Rep. Noel Campbell said all lawmakers are upset about the shootings in Florida. And he acknowledged the anger and frustration of students who walked out of their classrooms a day earlier on the one-month anniversary of that event.

“But I have a feeling some of you down here just want to be seen and not do anything,’’ Campbell charged in a floor speech, citing not only the presence of students in the gallery on Wednesday but also Democrats taking close to an hour to introduce the students by name and call attention to them and their demands for changes in state gun laws.

That, Campbell said, is not the way “to get things done.’’

“It hardens positions,’’ he said, with the “theater’’ of Wednesday resulting in many Republicans choosing to leave the floor rather than sit through the introduction of individual students and the Democrat floor speeches.

“You drove us out of here,’’ Campbell said, saying Democrats are not interested in working with Republicans.

“You want to make an example of us, you want to embarrass us,’’ he said. “Well, see how effective that is.’’

Campbell said if Democrats are interested in legislative solutions they should forgo these kind of public spectacles and instead work with Republicans behind closed doors.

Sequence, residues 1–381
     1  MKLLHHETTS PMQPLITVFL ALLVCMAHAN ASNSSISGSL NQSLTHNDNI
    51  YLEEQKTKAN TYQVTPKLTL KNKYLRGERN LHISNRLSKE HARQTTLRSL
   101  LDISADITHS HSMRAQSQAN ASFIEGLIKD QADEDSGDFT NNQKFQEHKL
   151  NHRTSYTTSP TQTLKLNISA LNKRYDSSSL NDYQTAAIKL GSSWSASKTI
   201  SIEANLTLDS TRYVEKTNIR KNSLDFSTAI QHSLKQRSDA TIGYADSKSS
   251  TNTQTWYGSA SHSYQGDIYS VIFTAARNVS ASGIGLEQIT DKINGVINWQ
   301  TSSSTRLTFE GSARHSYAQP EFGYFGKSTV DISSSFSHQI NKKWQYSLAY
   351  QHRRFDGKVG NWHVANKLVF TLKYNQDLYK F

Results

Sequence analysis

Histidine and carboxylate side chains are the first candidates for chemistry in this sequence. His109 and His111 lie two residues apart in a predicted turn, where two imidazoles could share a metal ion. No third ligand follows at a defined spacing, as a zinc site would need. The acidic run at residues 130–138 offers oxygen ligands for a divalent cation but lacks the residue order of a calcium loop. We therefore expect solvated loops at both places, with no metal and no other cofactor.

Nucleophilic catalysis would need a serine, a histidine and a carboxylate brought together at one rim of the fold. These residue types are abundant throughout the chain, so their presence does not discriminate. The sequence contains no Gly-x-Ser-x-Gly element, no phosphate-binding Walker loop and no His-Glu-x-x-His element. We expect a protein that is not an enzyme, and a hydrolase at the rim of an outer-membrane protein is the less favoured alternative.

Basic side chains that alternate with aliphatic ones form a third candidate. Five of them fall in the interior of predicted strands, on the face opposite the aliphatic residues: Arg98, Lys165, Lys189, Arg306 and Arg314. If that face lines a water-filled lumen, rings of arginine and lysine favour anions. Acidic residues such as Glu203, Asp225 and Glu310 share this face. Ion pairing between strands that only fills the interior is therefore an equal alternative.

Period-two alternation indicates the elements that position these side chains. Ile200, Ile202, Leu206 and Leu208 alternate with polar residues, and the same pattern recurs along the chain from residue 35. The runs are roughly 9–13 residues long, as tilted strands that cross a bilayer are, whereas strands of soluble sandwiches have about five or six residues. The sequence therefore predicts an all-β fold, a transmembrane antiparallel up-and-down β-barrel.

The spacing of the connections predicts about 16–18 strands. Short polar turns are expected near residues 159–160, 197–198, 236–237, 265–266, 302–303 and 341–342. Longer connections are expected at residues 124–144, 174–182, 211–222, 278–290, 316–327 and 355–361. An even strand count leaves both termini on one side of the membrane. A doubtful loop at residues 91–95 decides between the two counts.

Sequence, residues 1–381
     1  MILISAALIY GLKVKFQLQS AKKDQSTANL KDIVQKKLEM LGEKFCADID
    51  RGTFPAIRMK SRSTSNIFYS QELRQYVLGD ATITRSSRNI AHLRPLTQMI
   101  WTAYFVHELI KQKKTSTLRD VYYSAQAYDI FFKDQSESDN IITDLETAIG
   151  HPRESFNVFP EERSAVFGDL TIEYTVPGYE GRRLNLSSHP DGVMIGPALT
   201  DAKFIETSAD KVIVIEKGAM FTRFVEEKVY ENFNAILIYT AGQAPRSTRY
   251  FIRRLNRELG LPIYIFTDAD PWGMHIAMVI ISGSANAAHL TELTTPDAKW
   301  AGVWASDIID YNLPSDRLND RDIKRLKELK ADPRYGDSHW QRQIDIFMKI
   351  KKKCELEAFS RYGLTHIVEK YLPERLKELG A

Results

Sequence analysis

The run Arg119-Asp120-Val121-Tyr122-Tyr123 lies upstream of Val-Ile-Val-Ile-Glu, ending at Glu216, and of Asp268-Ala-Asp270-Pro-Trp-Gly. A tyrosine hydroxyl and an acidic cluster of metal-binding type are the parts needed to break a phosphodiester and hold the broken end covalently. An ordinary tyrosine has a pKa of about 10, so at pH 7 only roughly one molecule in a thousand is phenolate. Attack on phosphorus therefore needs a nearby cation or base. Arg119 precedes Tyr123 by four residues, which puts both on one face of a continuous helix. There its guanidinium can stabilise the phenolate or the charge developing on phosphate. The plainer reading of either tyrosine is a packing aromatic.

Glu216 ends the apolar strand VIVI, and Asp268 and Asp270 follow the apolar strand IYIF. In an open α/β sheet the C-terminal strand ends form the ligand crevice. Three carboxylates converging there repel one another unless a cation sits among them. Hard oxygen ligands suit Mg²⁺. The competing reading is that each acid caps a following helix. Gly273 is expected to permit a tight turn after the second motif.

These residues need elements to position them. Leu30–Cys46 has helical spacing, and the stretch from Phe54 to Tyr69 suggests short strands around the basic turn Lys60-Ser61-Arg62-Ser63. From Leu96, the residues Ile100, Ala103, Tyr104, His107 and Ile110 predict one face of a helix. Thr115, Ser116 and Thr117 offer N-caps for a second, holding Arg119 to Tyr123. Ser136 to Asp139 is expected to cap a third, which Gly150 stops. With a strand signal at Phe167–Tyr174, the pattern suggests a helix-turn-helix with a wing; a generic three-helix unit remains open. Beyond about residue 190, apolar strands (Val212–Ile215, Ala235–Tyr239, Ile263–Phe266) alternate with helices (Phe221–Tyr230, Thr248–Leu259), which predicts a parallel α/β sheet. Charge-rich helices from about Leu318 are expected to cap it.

But Rep. Sally Ann Gonzales, D-Tucson, said that call rings hollow. “We are not given the opportunity,’’ she responded.

Gonzales pointed out that Friese introduced several measures this year he says would address the issue of gun violence. These included not only the mental health injunction but also closing the “gun show loophole’’ that allows weapons to be transferred without checking whether the buyer is legally allowed to own a weapon.

None of them got even a committee hearing.

She also pointed out that when Friese used a procedural maneuver to bring the measure on background checks directly to the floor so it could be voted it was defeated in the Republican-controlled House on a party-line vote.

And that, Gonzales said, leaves Democrats with the one tool they have: floor speeches.

“We do not grandstand just to grandstand,’’ she said. “We are here to make a difference, just like you are, Rep. Campbell.’’

Rep. Charlene Fernandez, D-Yuma, echoed the sentiment.

“We are not afforded the same opportunities as you are,’’ she said. And Fernandez said there’s a good reason there were students at the Capitol on Wednesday.

“When they come and sit in the gallery they expect us to express their views,’’ she said, reminding lawmakers that each of them got elected because of the constituents. “Those kids wanted their voices to be heard.’’

But Rep. Anthony Kern, R-Glendale, had a different take on what happened Wednesday.

“In my view, I think a lot of those students were played,’’ he said.

Kern said he is sure the students who showed up were real in their emotions.

“I’m sure they want to go to safe schools,’’ he said. But Kern questioned the commitment of Democrats to that issue.

He said during the time Barack Obama was president there were 14 mass shootings. At the same time, Kern said, the Democrats had control of both the U.S. House and Senate.

“If they were so concerned about guns at that time they could have pushed through gun legislation the same way that they pushed through Obamacare,’’ he said.